How to prepare your business for sale

Business News | 23 May |

2021 was a blowout year for mergers and acquisition activity. Activity was up over 60 percent from the previous year and the trend is widely predicted to continue in 2022. If you have taken the appropriate steps to prepare and position your business for sale, then 2022 might be the year to capitalize on strong market conditions. However, if you have not taken the proper steps to sell your business, then going to market might not deliver the results you wanted. In a worst case scenario, you could damage your business.


READ ALSO: With $2 trillion chasing deals, is now the time to sell your business?


What are the steps for preparing? Everyone says you must have good books, records and financials, and the business should not heavily rely upon its owner. Yes, these are a given. The books, records and financial statements are proof that the business generates profit and cash flow year over year.  Transferability of a business that consistently generates cash flow in the absence of the current owner is essential. But, these are the minimum requirements.

When you consider that extracting wealth out of one’s business is likely to be the most important financial event for a business owner, then taking the time to prepare is critical to securing maximum value.   

To prepare, start with reviewing your business through the eyes of a buyer. How does your business stack up against other investment alternatives? Here’s list of questions that highlights factors in preparing and positioning your business for maximum value extraction:

Diane Thomas is president of Premier Sales, Inc.

1. Evaluating Return on Investment

What is the three- year trend for earnings/cash flow? Is the business performing at or better than industry key performance indicator (KPI) standards? Upward trends strengthen your position.

2. Evaluating Risk

1. If the owner leaves, will the business continue? Are customer relationships dependent on the owner versus the business?

2. Is it possible for employees to leave and take customers with them? Do you have employment agreements with provisions for anti-piracy and non-solicitation of customers and employees? 

3. Is there recurring revenue, long-term contracts or service offerings that creates revenue stickiness? 

4. Do any customers represent more than 10 percent of total revenue? Customer concentration is a significant risk factor.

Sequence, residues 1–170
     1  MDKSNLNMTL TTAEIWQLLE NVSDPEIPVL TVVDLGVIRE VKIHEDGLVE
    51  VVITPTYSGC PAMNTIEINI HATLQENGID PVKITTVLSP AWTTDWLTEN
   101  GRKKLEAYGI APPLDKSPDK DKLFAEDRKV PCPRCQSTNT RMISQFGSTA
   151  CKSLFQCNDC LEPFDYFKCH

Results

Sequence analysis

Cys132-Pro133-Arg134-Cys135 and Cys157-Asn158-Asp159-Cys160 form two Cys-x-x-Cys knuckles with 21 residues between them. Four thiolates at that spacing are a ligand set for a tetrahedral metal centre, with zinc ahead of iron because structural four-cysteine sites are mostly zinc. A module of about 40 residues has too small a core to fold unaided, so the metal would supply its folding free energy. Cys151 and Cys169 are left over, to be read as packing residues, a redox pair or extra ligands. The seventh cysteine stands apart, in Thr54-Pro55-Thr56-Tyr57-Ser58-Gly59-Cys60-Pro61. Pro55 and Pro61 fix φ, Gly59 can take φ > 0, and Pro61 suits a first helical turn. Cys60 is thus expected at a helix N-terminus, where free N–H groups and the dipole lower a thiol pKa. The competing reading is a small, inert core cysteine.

5. Evaluating Long-Term Growth Potential

1. What is the industry’s long-term growth projection or where is the industry in its life cycle? If the industry is in a decline, then the market demand for your business will be low and likely to result in a low value.

While there are several other steps to preparing and positioning your business for sale, this gives you a starting point. Whether you plan to own your business for years, transfer to family members/key employees or sell to a third party, why not take the steps to prepare and position your business? 

Our experience with clients who get serious about preparing have three major outcomes:  enhanced business value, increased cash flow and improved quality of life while they still own the business. The best part about being prepared is having the opportunity to capitalize on market timing. M&A activity in 2021 posted record-high values on privately-held companies for numerous industry sectors.

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Here’s an example: A client wanted to exit the business in three to five years. We analyzed the business, the industry and the market. While the business had tremendous upside potential (meaning that it was scalable, delivered high value to customers, had recurring revenue and held a unique market position), the business had not yet demonstrated the model worked. After all expenses were paid, the cash available to the owner was $20,000. Because the cash flow was so low, an outsider would question if the market was willing to pay for the services –although the business had Fortune 500 customers, excellent customer retention and had excellent technology in a growth industry. We went to work and focused on moving the needle on net margin. After year one, cash after expenses grew to $200K. Then, year two = $400K; year three = $695K; and year four was on track for $1 million. At the same time, we monitored the market. At the end of year three, we determined the market was optimal. Before the end of year four, the business sold to a strategic buyer for $5 million in cash.

Taking these steps are the key to success:

1. Identify the baseline value of the business as it sits today.

2. Determine what can be done within the business owner’s timeframe, capital and personal effort to move the needle on value (addressing any existing risk factors)

3. Develop achievable strategies. (focus on long-term contracts and customer stickiness)

4. Create a business plan that incorporates these strategies.

5. Monitor the market all along the way.

 

Diane Thomas is President of Premier Sales, Inc., a business sales, merger and acquisitions firm located in Scottsdale, Arizona. For more than 30 years, Premier Sales’ client-centric focus and creative win-win mentality has produced extraordinary results with one of the highest industry success rates.

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